With your shopping bags full and your feet about to fall off from all that walking around, you might now want to have a seat, escape from the heat and humidity and feed your empty stomach. Food is one thing Dhaka has become an expert in over the years, and the wide variety of cuisines available can satisfy almost any desire for any palate from almost any place you can possibly think of. If you want traditional Bengali food, like bhaat (rice) bharta, vegetables, curries etc step into Kolapata (Adabor), Kosturi (Gulshan), Heritage (Gulshan), Star Kebab (Banani and Dhamondi) or Dhanshiri (Gulshan) a popular breakfast place for early risers. If you're in the mood for authentic Japanese cuisine, maybe a Shabu Shabu salad, you must try Izumi (Gulshan) which had it's opening a year ago and has enjoyed wonderful reviews thus far for it's food, decor and service. Samdado is also a popular Japanese restuarant, famous for it's mouth-watering sushi.

If you're craving Italian, take yourself out to Spagetti Jazz or Bella Italia, both located in Gulshan, for a cheesy pizza Bolognese or pasta with meat sauce and don't forget the tiramisu for desert. If Korean is what your heart (and stomach) desires, Arirang or maybe Sura, also located in the Gulshan area are the places to be. For good old Chinese, visit Mainland China, which has opened its first international outlet in Uttara or Cathay in Gulshan. If you're in the mood for enchiladas, tacos and burritos El Toro is the place to go, especially for the authentic Mexican ambience it offers.

For Vietnamese cuisine, you may want to check out a new place in Gulshan known as Zaika, which opened up recently. For Turkish food visit Topkapi (Gulshan) and for Indian there is Khazana(Gulshan), Laziz (Uttara) and Santoor (Dhanmondi) which will provide you with all the biriyani and reshmi kebabs you can dream of.

If you want Grecian food, Casa Greek is definitely worth a try and for Thai there is @ Corner and Soi 71 located in Gulshan. If you're in the mood for sea bass, honey barbequed tiger prawns and squid make you way to Saltz (Gulshan) and for steak there is Spitfire and Steakhouse (Gulshan). For American fastfood there is of course KFC (Gulshan, Dhanmondi and Banani) and Pizza Hut (Gulshan and Dhanmondi).

Well those were a few of the hundreds of restuarants all over this city, but if you're just looking for a place to sit and enjoy some coffee, a drink or even sheesha, there are a variety of options available for you. With the World Cup Series starting off in Dhaka, you might want to go somewhere with your friends to watch the games on a large screen if you don't have tickets for the stadium. In such cases, The Bench (Gulshan), Floor 6 (Banani), Mynt (Banani) , H20 (Dhanmondi and Banani) and X-Lounge (Gulshan) are places where you can kick back, smoke your sheesha and cheer your team on. Flavours Lounge has also opened up a sheesha lounge with a host of new flavours like black liquorice you may want to try out.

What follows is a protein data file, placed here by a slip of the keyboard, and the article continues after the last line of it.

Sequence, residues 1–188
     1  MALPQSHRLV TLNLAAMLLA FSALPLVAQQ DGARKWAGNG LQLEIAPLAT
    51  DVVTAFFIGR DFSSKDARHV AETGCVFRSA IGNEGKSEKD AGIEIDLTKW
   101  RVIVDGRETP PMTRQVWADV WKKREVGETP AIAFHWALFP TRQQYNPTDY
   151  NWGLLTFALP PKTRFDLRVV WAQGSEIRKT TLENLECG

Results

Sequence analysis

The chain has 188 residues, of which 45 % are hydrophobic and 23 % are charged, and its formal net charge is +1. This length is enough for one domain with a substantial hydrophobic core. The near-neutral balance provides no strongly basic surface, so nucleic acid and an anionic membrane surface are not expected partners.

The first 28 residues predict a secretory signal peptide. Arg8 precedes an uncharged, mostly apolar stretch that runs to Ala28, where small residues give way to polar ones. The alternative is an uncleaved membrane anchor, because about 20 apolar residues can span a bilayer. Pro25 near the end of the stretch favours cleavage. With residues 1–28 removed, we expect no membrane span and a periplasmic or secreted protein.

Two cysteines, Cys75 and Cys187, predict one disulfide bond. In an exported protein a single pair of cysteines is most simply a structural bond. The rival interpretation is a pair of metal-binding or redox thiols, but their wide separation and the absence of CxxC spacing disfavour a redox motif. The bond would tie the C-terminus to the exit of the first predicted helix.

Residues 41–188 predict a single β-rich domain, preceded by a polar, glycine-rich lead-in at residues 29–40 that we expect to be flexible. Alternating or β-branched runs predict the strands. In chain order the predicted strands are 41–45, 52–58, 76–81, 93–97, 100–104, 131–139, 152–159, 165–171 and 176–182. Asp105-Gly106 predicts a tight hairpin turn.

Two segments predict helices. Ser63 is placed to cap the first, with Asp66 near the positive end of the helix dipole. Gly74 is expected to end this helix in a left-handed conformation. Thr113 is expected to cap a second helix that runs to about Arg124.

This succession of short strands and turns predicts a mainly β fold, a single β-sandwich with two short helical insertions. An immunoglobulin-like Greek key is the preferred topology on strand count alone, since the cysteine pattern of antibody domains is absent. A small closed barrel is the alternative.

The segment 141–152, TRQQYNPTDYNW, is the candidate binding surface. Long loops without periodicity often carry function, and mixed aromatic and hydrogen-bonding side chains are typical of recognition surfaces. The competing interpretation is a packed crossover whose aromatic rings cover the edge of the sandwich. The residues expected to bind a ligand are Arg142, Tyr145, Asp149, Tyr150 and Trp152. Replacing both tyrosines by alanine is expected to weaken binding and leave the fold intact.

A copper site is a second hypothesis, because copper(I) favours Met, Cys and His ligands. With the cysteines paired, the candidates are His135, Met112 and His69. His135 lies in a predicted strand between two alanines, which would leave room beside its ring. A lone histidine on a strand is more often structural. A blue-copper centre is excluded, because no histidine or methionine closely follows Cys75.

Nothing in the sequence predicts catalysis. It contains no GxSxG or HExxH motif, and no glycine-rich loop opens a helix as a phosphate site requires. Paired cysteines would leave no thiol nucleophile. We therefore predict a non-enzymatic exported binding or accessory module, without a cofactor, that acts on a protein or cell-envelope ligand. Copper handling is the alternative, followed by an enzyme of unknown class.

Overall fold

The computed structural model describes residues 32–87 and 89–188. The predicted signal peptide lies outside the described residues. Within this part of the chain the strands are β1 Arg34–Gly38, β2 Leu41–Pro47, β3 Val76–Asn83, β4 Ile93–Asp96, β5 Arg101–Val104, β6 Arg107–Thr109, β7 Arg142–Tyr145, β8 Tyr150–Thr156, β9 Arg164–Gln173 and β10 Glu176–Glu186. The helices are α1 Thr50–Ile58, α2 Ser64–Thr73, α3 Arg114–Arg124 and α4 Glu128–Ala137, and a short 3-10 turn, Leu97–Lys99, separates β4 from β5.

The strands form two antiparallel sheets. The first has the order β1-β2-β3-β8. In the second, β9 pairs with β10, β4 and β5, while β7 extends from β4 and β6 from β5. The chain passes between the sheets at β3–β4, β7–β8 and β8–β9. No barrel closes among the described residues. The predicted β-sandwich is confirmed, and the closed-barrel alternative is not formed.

Cafe Mango (Gulshan and Dhanmondi), Barista (Gulshan and Karwan Bazaar), Coffi 11 Roll Express (Banani), Mermaid Cafe (Baridhara) Kozmo Lounge (Dhanmondi and Banani), Fire and Ice (Uttara) are also places you can visit with your friends for coffee, all kinds of snacks and even live music. For dessert places, Bittersweet Cafe (Gulshan) has become a favourite and you can get a range of wonderful treats like chocolate soufflé, sticky toffee puddings, cheesecakes and chocolate peanut butter milkshakes. The California Bakery (Gulshan and Dhanmondi) is also a great place for cakes and cookies. For ice cream there is Swiss -made Movenpik (Gulshan) and Andersons (Gulshan and Dhanmondi) and if you want something richer like gelato, Club Gelato (Banani) is the best option as it also has a good range of cakes and pastries.

A stroll through Ramna Park is the perfect way to bring harmony and balance to the soul.

While entertaining your stomach is always fun, there are also a few other activities you can enjoy around the city. If you don't feel like travelling all the way to old town, you can always go boating on Dhanmondi Lake on an evening when you find there is nothing else to do. If you enjoy bowling, there is the Fu-Wang Bowling Alley (Gulshan), which sometimes hosts concerts and the Thunderbolt bowling alley in Rifles Square (Dhanmondi). Another fun activity you can enjoy with your friends is paintballing, at Xtreme Paintball (Panthapath), which is basically a paintball fight. You can also go out for movies to Redshift (Gulshan), which screens new releases regularly, or the Star Cineplex in Bashundhara, which has really delicious popcorn. Dhaka also offers quite a number of art galleries such as Bengal Gallery, Shilpangan, Chitrak and Alliance Francaise in Dhanmondi, The Gallery in Gulshan and Gallery Kaya in Uttara. There are also shops selling art in Gulshan 2 Market.

Around this time of the year, you can end your day with a walk or a drive around the city and enjoy the gorgeous lights decorating the roads for the World Cup, once the traffic thins out. While many places to go and things to do have been mentioned, it will take a lot more than a few pages to cover everything there is to see and do in this wonderful city. All you need is an open, relaxed mind, and time out of your busy schedule, to step back from your hectic life and just take a look around. So stop complaining and being lazy, make an effort–you might just have some fun.